|Site of Special Scientific Interest|
|Area of Search||Oxfordshire|
|Area||501.7 hectares (1,240 acres)|
|Location map||Magic Map|
Wychwood or Wychwood Forest is a 501.7-hectare (1,240-acre) biological Site of Special Scientific Interest north of Witney in Oxfordshire. It is also a Nature Conservation Review site, Grade 1, and an area of 263.4 hectares (651 acres) is a national nature reserve The site contains a long barrow dating to the Neolithic period, which is a scheduled monument
In past centuries the forest covered a much larger area, since cleared in favour of agriculture, villages and towns. However, the forest's area has fluctuated. Parts cleared for agriculture during Britain's centuries under Roman rule later reverted to forest.The existence of the ancient Wychwood is recognised by the authoritative Victoria County History, but the planned Volume XIX has yet to be completed.
Wychwood is derived from an Old English name Huiccewudu meaning 'wood of a tribe called the Hwicce.The Hwicce were the Anglo-Saxon people living in the area from some time in the 6th century until the assimilation of the Old English peoples into the wider Middle English society.
Three villages take part of their name from Wychwood Forest: Milton-under-Wychwood, Shipton-under-Wychwood and Ascott-under-Wychwood. These villages, commonly referred to as The Wychwoods, used to be part of the Royal Forest of Wychwood.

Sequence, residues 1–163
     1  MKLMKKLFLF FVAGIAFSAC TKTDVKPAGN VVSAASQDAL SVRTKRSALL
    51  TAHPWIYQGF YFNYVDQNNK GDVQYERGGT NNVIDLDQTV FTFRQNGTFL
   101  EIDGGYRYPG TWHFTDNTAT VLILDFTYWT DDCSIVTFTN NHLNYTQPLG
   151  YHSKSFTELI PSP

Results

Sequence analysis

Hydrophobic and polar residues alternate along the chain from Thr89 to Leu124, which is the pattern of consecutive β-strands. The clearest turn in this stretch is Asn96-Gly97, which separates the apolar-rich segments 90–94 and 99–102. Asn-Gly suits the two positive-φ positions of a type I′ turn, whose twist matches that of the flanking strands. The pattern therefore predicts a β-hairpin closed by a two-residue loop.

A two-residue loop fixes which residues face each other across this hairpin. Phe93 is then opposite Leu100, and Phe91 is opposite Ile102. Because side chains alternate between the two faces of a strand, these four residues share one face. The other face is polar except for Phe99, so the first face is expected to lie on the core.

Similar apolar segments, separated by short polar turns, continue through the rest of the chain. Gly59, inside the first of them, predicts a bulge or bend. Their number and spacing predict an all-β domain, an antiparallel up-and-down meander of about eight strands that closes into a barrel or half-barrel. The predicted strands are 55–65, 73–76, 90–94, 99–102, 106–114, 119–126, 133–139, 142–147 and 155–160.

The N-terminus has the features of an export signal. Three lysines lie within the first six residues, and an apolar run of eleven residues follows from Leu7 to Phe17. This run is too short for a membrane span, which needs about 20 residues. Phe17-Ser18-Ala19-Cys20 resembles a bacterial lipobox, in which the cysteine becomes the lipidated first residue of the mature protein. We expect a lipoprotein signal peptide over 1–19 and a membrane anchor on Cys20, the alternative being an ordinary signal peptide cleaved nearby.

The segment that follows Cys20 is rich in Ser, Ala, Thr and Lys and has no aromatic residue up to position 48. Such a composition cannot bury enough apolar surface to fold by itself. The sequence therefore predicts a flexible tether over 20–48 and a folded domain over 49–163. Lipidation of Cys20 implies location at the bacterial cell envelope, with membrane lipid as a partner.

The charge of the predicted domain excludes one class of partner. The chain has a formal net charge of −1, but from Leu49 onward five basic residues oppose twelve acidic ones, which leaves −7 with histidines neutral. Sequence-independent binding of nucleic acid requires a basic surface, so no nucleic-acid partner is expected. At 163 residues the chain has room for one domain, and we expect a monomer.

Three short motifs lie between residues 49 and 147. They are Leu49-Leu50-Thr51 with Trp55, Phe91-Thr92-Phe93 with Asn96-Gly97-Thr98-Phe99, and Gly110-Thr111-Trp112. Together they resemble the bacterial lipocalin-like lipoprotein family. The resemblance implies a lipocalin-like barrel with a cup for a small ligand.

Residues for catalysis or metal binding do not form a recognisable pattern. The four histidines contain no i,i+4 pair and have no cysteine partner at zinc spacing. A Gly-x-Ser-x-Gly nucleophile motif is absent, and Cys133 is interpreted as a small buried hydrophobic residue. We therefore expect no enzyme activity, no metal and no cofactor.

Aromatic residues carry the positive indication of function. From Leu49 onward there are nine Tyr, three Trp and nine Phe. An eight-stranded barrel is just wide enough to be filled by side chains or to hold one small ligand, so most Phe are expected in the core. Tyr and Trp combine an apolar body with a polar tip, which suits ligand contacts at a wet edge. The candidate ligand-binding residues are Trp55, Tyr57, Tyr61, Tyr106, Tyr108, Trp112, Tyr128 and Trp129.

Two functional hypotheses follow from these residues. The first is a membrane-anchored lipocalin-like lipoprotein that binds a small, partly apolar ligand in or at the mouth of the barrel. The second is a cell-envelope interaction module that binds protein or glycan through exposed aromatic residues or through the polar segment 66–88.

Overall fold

While Wychwood was a designated Royal Forest, royalty entrusted the management of the forest to loyal servants. The men in charge of the forest were called Foresters of Wychwood and, in later years, Keepers of Wychwood. Foresters were tasked with supplying the king with deer, wood, timber and charcoal. They were also charged with upholding the king's law by protecting the forest with the assistance of under-foresters, riding foresters and walking foresters. Foresters, together with verderers (judicial officers) could hold court and try offenders for both minor and major offences. The office of Forester of Wychwood was until 1361 held by the family of de Langley, seated at the manor of Langley in the parish of Shipton-under-Wychwood.They were followed by the Earls of Warwick until 1499. Management was then given by the kings as favors to courtiers for life, among them were Robert Dudley (Earl of Leicester), Sir John Fortescue (Chancellor), Lord Clarendon (Chancellor) and George Spencer, the 4th Duke of Marlborough.
Some of the land that had been cleared for agricultural use was purchased by the Woodland Trust, and re-planted with native English deciduous trees creating Shillbrook Wood, a 9-acre (3.6 ha) site near Bampton, and Eynsham Wood, a 13.37-acre (5.41 ha) site near Eynsham.
Since the late 1990s there has been a resurgence of interest in the history and identity of the Wychwood, exemplified by the founding of the Wychwood Project.Since 2000 'Forest Fairs' have been held at a variety of locations within the old Wychwood boundary. These are a better-behaved revival of traditional Fairs that were closed down in 1856 because of rowdy behaviour.